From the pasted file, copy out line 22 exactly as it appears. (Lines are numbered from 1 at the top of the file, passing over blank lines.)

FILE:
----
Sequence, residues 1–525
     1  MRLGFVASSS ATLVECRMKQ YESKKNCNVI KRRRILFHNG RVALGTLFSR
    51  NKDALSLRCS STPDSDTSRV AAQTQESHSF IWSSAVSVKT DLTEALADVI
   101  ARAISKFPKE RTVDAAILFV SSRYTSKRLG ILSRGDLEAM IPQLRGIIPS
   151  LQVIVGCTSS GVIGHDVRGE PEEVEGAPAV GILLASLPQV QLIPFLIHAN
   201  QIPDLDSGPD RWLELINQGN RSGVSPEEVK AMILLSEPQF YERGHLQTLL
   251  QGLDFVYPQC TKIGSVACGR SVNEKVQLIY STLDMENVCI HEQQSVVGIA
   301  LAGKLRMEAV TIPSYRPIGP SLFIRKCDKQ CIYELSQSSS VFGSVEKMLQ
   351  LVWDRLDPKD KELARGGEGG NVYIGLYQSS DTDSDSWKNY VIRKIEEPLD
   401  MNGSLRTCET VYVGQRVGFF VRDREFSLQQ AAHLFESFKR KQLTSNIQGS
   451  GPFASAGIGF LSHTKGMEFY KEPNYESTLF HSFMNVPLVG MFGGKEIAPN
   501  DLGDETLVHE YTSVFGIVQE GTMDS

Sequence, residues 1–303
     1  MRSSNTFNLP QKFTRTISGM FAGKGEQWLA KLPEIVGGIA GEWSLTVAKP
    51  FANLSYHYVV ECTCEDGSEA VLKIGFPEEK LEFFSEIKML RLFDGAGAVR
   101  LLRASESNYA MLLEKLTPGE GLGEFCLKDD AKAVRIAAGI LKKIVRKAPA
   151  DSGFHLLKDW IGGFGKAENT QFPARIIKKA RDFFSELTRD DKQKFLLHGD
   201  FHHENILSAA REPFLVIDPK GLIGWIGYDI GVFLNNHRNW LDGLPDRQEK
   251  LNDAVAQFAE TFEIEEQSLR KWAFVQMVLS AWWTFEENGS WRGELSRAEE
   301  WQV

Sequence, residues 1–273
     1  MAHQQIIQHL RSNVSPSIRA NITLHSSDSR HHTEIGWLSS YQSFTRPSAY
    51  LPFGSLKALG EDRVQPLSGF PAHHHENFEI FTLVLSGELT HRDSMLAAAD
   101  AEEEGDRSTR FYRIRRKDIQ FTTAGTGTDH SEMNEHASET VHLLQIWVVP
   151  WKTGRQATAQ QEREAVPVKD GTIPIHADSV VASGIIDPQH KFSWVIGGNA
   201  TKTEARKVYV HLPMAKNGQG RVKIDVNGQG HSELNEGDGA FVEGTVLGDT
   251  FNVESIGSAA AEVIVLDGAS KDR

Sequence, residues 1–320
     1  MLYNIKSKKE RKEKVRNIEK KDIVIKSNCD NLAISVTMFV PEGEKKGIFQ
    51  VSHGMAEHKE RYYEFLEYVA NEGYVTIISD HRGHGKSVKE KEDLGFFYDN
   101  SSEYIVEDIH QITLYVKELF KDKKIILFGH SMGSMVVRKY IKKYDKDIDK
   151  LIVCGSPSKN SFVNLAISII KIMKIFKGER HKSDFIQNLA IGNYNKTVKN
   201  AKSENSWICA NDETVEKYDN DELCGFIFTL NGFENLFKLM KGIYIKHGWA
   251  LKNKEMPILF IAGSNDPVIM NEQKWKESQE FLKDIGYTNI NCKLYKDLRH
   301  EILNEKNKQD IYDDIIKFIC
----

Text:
     1  MAHQQIIQHL RSNVSPSIRA NITLHSSDSR HHTEIGWLSS YQSFTRPSAY